Bond Risk in Asia-Pacific Rises, Credit-Default Swap Prices Show

The cost of insuring corporate and sovereign bonds in the Asia-Pacific region against non-payment rose, according to traders of credit-default swaps.

The Markit iTraxx Asia index of 40 investment-grade borrowers outside Japan climbed 5 basis points to 155 basis points as of 8:27 a.m. in Hong Kong, Standard Chartered Plc prices show. The benchmark is set for its highest close since Sept. 4, according to data provider CMA.

The Markit iTraxx Australia index added 5 basis points to 125 as of 10:04 a.m. in Sydney, according to Westpac Banking Corp. (WBC) prices. The measure is poised for its highest level since Aug. 28, according to data from CMA, which is owned by McGraw-Hill Cos. and compiles prices quoted by dealers in the private market.

The Markit iTraxx Japan index rose 2 basis points to 94.5 as of 9:07 a.m. in Tokyo, according to Citigroup Inc. prices. The gauge is set for its biggest increase since Sept. 24, CMA data show.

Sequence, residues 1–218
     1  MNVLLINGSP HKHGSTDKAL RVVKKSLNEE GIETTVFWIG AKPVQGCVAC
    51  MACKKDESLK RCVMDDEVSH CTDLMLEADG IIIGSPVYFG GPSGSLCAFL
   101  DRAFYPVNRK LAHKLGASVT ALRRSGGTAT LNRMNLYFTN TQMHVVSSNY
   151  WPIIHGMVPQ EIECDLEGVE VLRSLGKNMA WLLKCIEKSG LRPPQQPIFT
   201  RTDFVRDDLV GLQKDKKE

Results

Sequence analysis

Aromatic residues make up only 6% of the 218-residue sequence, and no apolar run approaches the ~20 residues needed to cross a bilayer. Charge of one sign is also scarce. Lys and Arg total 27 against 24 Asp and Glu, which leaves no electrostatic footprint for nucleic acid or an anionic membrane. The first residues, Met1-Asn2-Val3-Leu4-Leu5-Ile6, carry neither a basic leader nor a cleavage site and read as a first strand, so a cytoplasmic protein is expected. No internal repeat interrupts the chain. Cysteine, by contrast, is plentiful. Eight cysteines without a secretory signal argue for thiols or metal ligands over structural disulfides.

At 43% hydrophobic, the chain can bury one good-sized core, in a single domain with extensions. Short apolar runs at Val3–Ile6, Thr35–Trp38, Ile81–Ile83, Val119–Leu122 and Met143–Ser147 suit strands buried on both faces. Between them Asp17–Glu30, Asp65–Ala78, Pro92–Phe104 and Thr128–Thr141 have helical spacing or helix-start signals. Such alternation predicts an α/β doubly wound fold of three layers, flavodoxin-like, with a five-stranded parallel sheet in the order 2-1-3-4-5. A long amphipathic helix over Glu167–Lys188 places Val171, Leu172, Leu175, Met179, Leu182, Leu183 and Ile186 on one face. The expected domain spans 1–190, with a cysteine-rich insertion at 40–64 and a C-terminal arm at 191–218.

Credit-default swap indexes are benchmarks for insuring bonds against default and traders use them to speculate on credit quality. A drop signals improving perceptions of creditworthiness, while an increase suggests the opposite.

The swap contracts pay the buyer face value in exchange for the underlying securities if a borrower fails to meet its debt agreements.

To contact the reporter on this story: Tanya Angerer in Singapore at tangerer@bloomberg.net

To contact the editor responsible for this story: Katrina Nicholas at knicholas2@bloomberg.net

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